Bernard Joe Kramer:

Well, when we got up to the Elbe River we were 25 miles from Berlin and we got to stop there. We couldn't go any further. They didn't want us to cross because the Russians were on the other side. And it just sounded like then that it was getting awful close to it, because the Germans -- that was German troops -- they would swim across that Elbe River just to give up to us. And there was a day that we would take in five, 600 prisoners, German prisoners. Take 'em to the back end and go into a stockade.

Lawrence L. Molczyk:

And at what point did you then cross the Elbe? Did you go on into Berlin yourself?

Bernard Joe Kramer:

No, no, we couldn't go into Berlin. We was there and then the war was over with and they moved us back. We went to Beirut, Germany. And that was what we was supposed to be doing is just salvage work, protection, things like that. And the only thing that we could do is play softball. Softball every day.

Lawrence L. Molczyk:

---+

Bernard Joe Kramer:

Morning, afternoon and night. And our company had played a softball game with battalion -- Third Battalion one day, and I had the great news of playing with Rube Rowe, who was a catcher for the Chicago Cubs at the time, and Cy Blanton, who pitched for the Pittsburgh Pirates, and I played first base. I was 19 years old and, boy, I thought that was the greatest thing that ever happened. And one day we were playing, and Rube Rowe, he got up to bat in the seventh inning and he hit a single, and I got up to bat and I hit a triple, and the game was over. And I never will forget that. That was a highlight. Everybody just gives you a hug. They think you're just like brothers then.

Lawrence L. Molczyk:

What kind of duties did you have? You stayed there as part of the occupying force?

Bernard Joe Kramer:

Guard duty.

Lawrence L. Molczyk:

Guard duty?

Bernard Joe Kramer:

Yeah, guard duty. See, you never knew what a German -- or if a German was, you know, faithful to the United States you didn't worry about him. But if he was just like the boy I told you about that killed that medic, well, everybody wondered where that shell come from, and they was all looking on the ground. I was looking up in the tree. And I told ----+, I said, I see the guy. I said, See that tree down there? See that man sitting on that limb? Yeah, that was it.

Lawrence L. Molczyk:

He was a sniper?

Bernard Joe Kramer:

Yeah, he was a farmer. He just lived right down the road there; just a little ways from where he got killed. And his wife never said a thing. She invited us to come in the house and she fed us supper that night and breakfast the next morning. And she didn't know where her husband was at. She said he just hadn't come home.

Lawrence L. Molczyk:

The wife of the sniper who killed the medic --

Bernard Joe Kramer:

Yeah.

Lawrence L. Molczyk:

-- invited you to breakfast?

Bernard Joe Kramer:

Breakfast and stay in the barn or in the house. We laid anyplace you could get to lay down. And she just said she didn't know where he was at. I knew he was a staunch Nazi, though.

Lawrence L. Molczyk:

Sure. She apparently didn't share his feelings?

Bernard Joe Kramer:

No, she didn't, 'cause I can always remember that breakfast that morning. We had fresh coffee and had cream with it; real cream. She milked eight cows. And then we had fried eggs, scrambled eggs, bacon, ham; anything you wanted for breakfast that we wanted to eat.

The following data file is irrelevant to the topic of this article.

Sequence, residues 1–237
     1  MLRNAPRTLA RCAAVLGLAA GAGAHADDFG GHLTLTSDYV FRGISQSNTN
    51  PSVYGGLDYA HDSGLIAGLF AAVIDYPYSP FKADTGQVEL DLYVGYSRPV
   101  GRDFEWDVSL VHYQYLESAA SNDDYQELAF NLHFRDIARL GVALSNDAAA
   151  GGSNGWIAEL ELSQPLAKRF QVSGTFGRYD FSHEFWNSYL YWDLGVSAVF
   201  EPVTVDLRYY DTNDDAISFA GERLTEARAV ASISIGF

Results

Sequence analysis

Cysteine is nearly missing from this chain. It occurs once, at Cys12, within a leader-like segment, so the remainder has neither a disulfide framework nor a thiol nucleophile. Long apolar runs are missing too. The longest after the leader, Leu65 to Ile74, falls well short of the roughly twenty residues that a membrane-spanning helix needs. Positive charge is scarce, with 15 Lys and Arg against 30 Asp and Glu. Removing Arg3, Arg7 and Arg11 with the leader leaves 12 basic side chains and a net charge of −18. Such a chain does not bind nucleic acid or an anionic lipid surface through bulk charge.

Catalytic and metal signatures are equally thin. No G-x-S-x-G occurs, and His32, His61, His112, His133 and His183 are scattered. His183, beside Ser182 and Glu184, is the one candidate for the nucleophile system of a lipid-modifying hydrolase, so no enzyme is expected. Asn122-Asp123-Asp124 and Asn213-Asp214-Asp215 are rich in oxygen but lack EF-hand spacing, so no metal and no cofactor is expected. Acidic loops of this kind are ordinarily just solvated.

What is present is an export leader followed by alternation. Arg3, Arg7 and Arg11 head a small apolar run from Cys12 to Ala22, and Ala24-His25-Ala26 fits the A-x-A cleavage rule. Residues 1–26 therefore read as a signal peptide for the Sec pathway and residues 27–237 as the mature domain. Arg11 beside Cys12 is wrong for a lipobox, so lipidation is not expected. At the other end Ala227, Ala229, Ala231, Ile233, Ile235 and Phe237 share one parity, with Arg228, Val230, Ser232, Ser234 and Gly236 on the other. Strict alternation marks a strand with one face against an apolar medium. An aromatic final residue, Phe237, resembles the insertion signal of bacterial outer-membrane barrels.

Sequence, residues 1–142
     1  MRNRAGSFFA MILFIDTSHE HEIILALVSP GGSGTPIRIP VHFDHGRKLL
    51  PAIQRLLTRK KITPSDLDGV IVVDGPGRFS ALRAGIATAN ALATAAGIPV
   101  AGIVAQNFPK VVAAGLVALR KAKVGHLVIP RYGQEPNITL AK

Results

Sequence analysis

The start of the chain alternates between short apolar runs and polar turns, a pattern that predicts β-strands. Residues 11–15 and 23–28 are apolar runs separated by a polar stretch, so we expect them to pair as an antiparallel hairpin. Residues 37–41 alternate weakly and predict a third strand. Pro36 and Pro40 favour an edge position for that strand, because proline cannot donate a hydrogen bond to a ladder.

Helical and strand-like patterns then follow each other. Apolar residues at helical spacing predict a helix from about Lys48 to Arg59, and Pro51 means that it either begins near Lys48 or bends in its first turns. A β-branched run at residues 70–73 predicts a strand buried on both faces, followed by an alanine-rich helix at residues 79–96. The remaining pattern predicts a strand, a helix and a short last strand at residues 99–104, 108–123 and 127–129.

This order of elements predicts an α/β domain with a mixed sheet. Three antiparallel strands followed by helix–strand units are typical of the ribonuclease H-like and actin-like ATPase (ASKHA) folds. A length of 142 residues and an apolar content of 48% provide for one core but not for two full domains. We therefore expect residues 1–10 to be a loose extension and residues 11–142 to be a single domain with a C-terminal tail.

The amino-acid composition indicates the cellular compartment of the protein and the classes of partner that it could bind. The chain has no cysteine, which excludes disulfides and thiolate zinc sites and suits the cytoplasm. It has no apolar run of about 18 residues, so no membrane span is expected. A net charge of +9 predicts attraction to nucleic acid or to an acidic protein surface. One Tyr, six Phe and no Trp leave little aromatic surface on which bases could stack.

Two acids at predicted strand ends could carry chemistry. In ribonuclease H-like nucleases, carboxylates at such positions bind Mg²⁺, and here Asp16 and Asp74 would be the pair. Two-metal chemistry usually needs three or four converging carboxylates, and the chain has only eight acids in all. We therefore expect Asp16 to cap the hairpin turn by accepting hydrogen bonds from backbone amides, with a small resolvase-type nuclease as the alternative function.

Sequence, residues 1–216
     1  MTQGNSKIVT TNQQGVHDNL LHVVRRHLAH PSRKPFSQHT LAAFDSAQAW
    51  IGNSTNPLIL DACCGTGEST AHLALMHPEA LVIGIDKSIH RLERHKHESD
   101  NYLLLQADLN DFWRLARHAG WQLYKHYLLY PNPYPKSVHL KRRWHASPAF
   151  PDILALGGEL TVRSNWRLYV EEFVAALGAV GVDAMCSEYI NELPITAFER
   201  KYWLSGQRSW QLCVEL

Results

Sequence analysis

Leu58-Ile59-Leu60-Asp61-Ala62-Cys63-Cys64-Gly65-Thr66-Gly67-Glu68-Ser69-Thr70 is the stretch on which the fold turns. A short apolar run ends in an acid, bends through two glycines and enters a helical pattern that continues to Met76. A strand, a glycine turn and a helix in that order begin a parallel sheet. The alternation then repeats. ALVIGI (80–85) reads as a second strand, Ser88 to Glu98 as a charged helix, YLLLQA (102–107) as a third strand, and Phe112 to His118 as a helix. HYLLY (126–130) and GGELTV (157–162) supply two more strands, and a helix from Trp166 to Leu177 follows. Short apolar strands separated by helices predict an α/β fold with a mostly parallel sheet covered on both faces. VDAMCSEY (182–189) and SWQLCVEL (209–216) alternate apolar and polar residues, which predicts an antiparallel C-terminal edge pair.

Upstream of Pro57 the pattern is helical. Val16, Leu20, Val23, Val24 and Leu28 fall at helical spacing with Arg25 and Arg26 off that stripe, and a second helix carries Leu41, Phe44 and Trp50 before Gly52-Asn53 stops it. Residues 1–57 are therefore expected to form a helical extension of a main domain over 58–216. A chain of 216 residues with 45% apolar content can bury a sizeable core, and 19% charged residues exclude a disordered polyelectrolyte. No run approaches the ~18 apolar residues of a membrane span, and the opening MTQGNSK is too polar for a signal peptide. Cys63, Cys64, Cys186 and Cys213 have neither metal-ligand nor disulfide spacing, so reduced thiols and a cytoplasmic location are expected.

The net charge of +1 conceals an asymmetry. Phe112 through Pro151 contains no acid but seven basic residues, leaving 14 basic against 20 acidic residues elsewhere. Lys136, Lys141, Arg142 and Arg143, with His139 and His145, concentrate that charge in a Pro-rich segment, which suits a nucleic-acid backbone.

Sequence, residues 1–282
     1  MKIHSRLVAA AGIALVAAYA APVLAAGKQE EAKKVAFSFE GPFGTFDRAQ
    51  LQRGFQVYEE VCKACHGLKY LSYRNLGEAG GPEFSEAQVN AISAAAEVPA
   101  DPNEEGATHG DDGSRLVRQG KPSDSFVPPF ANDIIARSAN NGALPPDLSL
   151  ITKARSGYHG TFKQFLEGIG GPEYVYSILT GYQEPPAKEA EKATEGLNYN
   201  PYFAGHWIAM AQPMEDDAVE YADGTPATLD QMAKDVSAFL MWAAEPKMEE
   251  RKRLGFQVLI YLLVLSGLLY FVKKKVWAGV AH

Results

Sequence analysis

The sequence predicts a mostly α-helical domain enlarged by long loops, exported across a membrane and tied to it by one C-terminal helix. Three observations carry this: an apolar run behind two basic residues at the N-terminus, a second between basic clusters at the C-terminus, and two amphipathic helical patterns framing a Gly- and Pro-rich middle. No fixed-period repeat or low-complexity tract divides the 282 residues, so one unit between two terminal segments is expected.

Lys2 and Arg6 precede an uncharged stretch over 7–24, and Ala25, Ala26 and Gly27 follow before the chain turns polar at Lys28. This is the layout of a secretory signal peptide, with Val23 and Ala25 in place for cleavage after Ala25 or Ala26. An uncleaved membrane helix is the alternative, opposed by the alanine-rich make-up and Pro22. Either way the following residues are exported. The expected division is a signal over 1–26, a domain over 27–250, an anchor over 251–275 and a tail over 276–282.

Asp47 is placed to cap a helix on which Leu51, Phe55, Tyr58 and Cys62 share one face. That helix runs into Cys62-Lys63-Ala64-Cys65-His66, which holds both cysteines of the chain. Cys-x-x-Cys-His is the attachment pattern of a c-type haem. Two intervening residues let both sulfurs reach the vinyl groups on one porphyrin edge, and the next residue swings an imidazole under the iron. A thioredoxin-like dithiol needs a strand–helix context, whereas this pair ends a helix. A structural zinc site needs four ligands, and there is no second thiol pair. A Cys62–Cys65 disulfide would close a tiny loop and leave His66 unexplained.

Lawrence L. Molczyk:

Now, this happened during combat?

Bernard Joe Kramer:

Yeah, just during the war, um-hum.

Lawrence L. Molczyk:

Do you remember where that was at? Where in Germany that was at?

Bernard Joe Kramer:

I have no idea. See, we never did have a map over there. And it's just like, you know, trying to write back home. If it rained, all your writing paper got wet, so what do you do? And I know my folks one time, too, that they never heard from me for at least six weeks and they wondered if something happened. And I knew I wrote to 'em all the time. But I did write to a friend of mine in school and -- when I was going to school there in high school -- and he got a letter. So he brought it up to the folks and let them read it.

Lawrence L. Molczyk:

Why do you suppose your other letters didn't get through?

Bernard Joe Kramer:

Well, you never know. See, they could get lost so easily over there. People were, you know, just say like you put 'em in a bag like that and that bag of mail might have went someplace else, because a lot of the boys had that trouble. They hadn't been getting mail at home, either. And well, maybe they was pitching 'em on the boat when they was doing it and it missed. That would get tough.

Lawrence L. Molczyk:

What kind of things could you write about to your family? What kind of things would they say to you? What kind of things did you tell them?

Bernard Joe Kramer:

About the only thing you could really tell 'em was that you was feeling good and there's some nice country here and things like that. And I did put in there one time that all you watch your paper and see anything about the 102nd Infantry Division, that's where I'm at. And it went through, 'cause they started watching the paper for that every day, and they did see times, you know, things came in about it.

Lawrence L. Molczyk:

So you were on guard duty as a part of the occupying forces?

Bernard Joe Kramer:

Yeah, um-hum.

Lawrence L. Molczyk:

Did you have any other duties?

Bernard Joe Kramer:

Nothing. Go for a walk or something like that, you know, out in the country. That was all you had to do.

Lawrence L. Molczyk:

Was there any incidents of sabotage or terrorist activity?

Bernard Joe Kramer:

No.

Lawrence L. Molczyk:

People just plain wouldn't give up after --

Bernard Joe Kramer: